Naomi Chapman Woodroof (1900-1989)
Woodroof's early life was challenging. She spent long hours helping with her father's sheep and cattle ranch, she crossed the Snake River by rowboat daily to attend school, and she participated in and judged livestock shows. After obtaining her degree in animal husbandry from the University of Idaho, she found no openings for women in this field and turned to plant pathology, receiving a master's degree, also at the University of Idaho, in 1924.
Although the University of Georgia and other southern universities did not accept women as either students or faculty, the Georgia Experiment Station in Griffin had no such policy, and Woodroof joined the staff there as an assistant biologist. Her first assignment was to work on cotton-seedling root disease, which she identified and developed a method to control.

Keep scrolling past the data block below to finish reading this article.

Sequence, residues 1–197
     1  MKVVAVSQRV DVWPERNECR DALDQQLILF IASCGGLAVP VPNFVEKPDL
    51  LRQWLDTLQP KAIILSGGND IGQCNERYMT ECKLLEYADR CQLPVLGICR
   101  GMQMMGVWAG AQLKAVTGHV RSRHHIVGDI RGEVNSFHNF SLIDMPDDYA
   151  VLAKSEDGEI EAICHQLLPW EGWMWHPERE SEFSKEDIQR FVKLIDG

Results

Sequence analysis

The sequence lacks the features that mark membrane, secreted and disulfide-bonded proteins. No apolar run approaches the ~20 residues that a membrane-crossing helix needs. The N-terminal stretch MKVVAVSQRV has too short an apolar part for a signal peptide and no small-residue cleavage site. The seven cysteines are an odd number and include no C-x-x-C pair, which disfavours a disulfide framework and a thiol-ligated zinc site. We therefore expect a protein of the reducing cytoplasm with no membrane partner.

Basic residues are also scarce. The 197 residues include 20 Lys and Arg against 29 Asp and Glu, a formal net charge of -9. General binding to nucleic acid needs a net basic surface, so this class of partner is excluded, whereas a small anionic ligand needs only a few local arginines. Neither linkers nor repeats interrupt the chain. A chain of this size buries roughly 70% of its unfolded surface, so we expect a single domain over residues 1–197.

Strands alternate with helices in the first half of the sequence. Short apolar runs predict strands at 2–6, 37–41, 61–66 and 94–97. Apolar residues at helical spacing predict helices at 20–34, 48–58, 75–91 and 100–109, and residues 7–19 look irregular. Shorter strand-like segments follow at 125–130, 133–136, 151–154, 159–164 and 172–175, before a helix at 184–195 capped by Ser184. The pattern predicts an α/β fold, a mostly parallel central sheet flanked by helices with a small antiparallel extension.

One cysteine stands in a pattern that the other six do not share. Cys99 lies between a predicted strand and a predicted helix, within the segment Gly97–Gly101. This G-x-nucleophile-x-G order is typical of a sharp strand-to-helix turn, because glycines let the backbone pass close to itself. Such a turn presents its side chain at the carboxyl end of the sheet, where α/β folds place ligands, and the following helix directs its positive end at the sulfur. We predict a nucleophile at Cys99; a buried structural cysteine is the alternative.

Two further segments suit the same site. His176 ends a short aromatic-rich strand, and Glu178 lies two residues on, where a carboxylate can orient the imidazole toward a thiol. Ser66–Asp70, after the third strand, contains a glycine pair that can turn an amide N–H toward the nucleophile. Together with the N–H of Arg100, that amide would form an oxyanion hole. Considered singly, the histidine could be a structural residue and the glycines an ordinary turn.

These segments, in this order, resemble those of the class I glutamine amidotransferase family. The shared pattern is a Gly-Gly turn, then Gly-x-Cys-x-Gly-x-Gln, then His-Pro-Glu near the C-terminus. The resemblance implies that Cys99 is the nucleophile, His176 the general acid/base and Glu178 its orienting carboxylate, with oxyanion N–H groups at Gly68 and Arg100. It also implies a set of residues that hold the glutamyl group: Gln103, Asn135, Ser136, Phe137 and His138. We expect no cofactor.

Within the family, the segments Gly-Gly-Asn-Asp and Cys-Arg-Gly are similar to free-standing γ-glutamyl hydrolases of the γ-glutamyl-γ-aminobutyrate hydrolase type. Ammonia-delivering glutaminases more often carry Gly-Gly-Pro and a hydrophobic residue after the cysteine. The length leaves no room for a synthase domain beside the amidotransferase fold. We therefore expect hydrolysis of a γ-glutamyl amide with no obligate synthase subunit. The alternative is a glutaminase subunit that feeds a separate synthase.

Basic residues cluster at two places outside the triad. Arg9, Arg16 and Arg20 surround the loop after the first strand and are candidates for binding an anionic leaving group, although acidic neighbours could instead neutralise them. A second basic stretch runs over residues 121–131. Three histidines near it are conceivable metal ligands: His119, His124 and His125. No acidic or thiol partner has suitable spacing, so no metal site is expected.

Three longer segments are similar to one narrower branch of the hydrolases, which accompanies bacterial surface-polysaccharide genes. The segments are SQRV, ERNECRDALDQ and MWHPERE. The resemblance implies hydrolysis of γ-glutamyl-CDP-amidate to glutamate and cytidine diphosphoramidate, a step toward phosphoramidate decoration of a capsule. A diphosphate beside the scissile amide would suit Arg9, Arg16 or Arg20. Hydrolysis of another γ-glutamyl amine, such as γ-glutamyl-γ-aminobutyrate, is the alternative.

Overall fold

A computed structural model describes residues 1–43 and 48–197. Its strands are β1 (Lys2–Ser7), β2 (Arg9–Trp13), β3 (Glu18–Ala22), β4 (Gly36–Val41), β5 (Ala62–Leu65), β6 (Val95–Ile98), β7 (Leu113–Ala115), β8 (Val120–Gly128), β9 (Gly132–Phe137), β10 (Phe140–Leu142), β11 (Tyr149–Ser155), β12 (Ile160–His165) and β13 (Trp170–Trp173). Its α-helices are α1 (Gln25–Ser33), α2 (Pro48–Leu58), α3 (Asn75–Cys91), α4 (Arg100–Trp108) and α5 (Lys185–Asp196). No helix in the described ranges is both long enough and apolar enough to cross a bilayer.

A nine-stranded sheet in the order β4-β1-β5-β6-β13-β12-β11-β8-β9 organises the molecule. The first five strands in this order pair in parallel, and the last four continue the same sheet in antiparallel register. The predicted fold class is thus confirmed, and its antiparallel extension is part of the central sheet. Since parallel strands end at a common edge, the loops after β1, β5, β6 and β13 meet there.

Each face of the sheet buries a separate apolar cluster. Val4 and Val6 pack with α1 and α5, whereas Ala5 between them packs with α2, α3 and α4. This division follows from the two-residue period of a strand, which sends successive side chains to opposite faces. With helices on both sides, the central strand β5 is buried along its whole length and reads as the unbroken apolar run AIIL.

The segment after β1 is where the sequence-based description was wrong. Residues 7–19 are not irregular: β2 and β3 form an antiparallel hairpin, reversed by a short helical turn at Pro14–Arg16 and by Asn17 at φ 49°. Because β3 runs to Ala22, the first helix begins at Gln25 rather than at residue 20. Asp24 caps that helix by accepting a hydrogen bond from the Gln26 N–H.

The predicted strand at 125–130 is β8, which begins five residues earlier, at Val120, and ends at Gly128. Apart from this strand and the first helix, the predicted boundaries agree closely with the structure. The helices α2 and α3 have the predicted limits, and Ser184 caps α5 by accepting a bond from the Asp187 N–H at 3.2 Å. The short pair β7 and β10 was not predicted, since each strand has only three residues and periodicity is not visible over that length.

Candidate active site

In reviewing her work at Tifton, former colleagues called Woodroof the unsung hero in plant pathology in the Peanut Belt. Even though some of her work had been attributed to others, peanut growers recognized Woodroof on her retirement by naming her an honorary member of their "Ton-an-Acre" Peanut Club. After retiring from the Coastal Plain Experiment Station, Woodroof
In 1967 the Woodroofs retired and began extensive travels to South and Central America, China, and South Africa, lecturing and gathering information for Jasper Guy Woodroof's later book publications. Naomi Chapman Woodroof never sought fame or recognition, and it was not until after her death that she received both. The pavilion showcasing Georgia's agricultural products for visitors to the 1996 Olympics in Atlanta was relocated to the campus of the Georgia Experiment Station and named the Naomi Chapman Woodroof Agricultural Pavilion in honor of her pioneering work in agriculture.
Lawrence K. Akers, University of Tennessee, Chattanooga
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